Often my work involves helping people figure out how to make their career transition happen when they're already in the thick of needing it (hint - sometimes reality dictates that change is a longer term process), but in this post I'd like to plant a seed for looking ahead.
This article from MSN Money suggests that if you want to save big, you need to dream big.
How many times have you read that you should tuck away 10% of your money in a savings account? But to what end? If you view saving simply as the opposite of spending, how could you commit to it? It’s punitive rather than rewarding.
To save, you need a goal. Setting goals is both the heart of financial planning and its most difficult task. It requires that you really stretch your mind and think about how you could create a life that’s fulfilling. Look inside yourself and reach for your dreams. That is tough stuff.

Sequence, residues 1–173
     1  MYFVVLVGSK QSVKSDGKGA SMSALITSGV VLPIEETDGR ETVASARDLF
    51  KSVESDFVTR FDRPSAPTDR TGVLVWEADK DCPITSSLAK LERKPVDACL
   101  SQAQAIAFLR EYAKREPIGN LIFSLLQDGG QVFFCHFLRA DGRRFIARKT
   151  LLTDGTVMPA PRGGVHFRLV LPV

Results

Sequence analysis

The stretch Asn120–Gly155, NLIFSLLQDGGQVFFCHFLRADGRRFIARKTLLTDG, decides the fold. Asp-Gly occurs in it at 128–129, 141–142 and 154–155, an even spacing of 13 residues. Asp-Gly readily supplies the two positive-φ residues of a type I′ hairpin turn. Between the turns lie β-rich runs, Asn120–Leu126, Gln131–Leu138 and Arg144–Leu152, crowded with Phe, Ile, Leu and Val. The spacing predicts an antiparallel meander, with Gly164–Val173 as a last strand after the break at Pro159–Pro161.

"It's much easier to focus on short-term crises and to solve immediate problems," says Stanley H. Breitbard, a financial planner in Los Angeles. "Defining your dreams is the hardest thing to do in life."
Sometimes it's simply a matter of asking yourself the obvious questions...
As for [financial planner] Kinder, he says that a couple of years of living the life he chose for himself have changed his approach to planning. Rather than harping on the virtues of saving for its own sake, he now sees his job as helping clients realize their dreams.
This is one of the questions he asks every new client: "If you died tomorrow, what would you most regret not having done?"
Ultimately, you can use your dreams to fuel your will to save.
Once you've identified your dreams, visualize yourself in them to help provide discipline for saving.
Katharine McGee, a financial planner in Davenport, Ind., likens it to taking a vacation. “When you begin to talk about your vacation, when you get the travel literature and read about the places you will go and the things you will do, that's when you visualize your goal and it becomes real to you."
And that's when it stops hurting to save money.
Curt Rosengren, Passion Catalyst (sm)
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